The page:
‘In the long term, there is robust evidence of unabated global warming ..’
FRISCO — A shift in a decadal-scale cycle of Pacific Ocean temperatures could lead to a spike in global warming the next few years, climate researchers said after tracking a subsurface layer of unusually warm water in the Pacific and Indian oceans.
The layer, between 300 and 1,000 feet below the surface, has been accumulating more heat than previously recognized, according to climate researchers from UCLA and NASA’s Jet Propulsion Laboratory, who published their finding in the journal Science.
“Given the fact the Pacific Decadal Oscillation seems to be shifting to a warm phase, ocean heating in the Pacific will definitely drive a major surge in global surface warming,” said Veronica Nieves, lead author of the study and a UCLA researcher with the UCLA Joint Institute for Regional Earth System Science and Engineering.
The study used direct ocean temperature measurements, including observations from a global network of about 3,500 ocean temperature probes known as the Argo array. These measurements show temperatures below the surface of the Pacific Ocean have been increasing and that some of that water has been pushed to the Indian Ocean. Since 2003, unusually strong trade winds and other climatic features have been piling up warm water in the upper 1,000 feet of the western Pacific, pinning it against Asia and Australia.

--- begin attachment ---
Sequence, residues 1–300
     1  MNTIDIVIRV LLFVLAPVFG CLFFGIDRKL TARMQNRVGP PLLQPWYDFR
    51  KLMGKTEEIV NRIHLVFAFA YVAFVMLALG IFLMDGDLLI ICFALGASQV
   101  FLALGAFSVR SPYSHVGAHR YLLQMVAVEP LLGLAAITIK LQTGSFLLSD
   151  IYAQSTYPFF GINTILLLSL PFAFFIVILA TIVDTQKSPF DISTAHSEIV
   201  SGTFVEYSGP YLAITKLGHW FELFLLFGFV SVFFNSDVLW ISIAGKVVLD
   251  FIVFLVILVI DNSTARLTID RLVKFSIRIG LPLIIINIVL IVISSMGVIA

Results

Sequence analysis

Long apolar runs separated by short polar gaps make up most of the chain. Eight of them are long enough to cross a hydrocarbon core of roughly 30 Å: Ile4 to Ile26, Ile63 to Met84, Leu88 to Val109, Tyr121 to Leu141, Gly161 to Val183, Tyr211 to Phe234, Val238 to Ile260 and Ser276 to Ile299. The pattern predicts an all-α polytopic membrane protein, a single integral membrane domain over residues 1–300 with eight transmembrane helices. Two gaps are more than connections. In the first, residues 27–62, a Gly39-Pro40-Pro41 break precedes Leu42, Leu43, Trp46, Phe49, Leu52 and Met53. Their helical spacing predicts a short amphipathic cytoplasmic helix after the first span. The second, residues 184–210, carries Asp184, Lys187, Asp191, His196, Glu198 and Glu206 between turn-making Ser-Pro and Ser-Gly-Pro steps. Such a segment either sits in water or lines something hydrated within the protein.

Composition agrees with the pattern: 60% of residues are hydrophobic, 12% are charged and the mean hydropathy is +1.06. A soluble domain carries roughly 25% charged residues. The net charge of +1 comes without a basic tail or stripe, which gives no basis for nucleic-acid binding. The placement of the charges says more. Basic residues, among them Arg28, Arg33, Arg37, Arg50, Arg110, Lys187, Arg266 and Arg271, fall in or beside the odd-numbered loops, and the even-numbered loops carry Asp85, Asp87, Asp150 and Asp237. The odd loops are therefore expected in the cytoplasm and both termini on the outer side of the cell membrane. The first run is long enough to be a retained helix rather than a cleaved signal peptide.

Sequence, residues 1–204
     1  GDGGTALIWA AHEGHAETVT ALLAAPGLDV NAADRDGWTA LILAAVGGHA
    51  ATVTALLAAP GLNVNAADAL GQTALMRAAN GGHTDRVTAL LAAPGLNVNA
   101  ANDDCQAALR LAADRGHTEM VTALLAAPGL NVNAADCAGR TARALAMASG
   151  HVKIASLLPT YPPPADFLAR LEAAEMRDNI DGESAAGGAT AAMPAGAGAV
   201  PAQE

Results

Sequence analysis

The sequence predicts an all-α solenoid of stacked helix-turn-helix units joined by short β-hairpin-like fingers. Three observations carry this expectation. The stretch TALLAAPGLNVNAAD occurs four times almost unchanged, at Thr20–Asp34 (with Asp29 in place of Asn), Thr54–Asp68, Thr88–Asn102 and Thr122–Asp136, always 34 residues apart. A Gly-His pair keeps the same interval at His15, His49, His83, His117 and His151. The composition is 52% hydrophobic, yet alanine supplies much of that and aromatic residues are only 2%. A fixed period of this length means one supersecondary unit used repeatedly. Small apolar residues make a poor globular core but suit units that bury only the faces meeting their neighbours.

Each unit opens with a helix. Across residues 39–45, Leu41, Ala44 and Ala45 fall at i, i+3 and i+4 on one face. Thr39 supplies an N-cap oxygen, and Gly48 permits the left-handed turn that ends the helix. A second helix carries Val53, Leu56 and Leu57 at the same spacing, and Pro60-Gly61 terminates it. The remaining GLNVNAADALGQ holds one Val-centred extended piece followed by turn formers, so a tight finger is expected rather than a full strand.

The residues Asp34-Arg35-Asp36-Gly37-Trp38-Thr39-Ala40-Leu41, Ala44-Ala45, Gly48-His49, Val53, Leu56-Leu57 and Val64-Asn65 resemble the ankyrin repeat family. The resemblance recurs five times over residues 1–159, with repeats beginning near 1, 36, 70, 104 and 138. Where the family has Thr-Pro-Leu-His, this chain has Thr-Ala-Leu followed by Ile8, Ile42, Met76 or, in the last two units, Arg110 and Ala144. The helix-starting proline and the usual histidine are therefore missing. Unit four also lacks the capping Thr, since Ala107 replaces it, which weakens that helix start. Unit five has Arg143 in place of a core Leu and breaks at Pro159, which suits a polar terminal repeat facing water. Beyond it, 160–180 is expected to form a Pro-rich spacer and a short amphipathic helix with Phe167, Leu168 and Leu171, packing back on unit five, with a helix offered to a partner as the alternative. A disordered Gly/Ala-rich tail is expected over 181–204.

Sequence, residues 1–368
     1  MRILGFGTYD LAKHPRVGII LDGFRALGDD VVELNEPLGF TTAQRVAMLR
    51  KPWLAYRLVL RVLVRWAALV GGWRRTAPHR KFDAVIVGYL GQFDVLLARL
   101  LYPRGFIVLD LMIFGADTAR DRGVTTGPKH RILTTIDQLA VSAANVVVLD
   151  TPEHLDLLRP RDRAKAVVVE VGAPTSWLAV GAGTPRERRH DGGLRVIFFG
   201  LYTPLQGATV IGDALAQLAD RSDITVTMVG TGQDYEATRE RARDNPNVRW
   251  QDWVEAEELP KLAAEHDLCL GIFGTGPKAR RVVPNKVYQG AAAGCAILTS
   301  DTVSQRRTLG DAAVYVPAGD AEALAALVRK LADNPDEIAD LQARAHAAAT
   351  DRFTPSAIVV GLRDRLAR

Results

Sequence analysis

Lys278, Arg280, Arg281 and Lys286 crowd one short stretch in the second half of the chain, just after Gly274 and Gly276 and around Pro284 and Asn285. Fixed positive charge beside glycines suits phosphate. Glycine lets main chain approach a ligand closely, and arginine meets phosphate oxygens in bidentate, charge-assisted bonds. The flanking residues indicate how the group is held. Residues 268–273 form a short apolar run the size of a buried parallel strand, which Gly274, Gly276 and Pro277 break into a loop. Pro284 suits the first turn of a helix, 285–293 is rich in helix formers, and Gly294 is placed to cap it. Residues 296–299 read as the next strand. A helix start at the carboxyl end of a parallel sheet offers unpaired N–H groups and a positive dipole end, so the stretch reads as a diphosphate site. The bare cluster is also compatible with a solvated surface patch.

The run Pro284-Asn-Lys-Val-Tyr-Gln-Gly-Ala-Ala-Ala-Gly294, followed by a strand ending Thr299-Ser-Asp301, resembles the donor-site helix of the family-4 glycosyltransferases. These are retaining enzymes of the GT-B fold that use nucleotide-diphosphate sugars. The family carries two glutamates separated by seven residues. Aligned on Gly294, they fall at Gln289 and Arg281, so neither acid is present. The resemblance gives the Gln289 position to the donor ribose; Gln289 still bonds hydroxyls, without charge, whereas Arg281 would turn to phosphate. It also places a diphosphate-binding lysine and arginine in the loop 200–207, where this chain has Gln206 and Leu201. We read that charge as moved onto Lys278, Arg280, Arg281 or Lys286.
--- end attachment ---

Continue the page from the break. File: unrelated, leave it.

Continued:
“The western Pacific got so warm that some of the warm water is leaking into the Indian Ocean through the Indonesian archipelago, Nieves said.
The westward movement of the warm Pacific water pulled heat away from the surface waters of the central and eastern Pacific, which resulted in unusually cool surface temperatures during the last decade.
The shifts tracked by the study are related to a 10- to 30-year climatic pattern called the Pacific Decadal Oscillation, which has been in a cool phase for the past few decades. There currently are signs the pattern may be changing, with observations showing warmer-than-usual water in the eastern Pacific.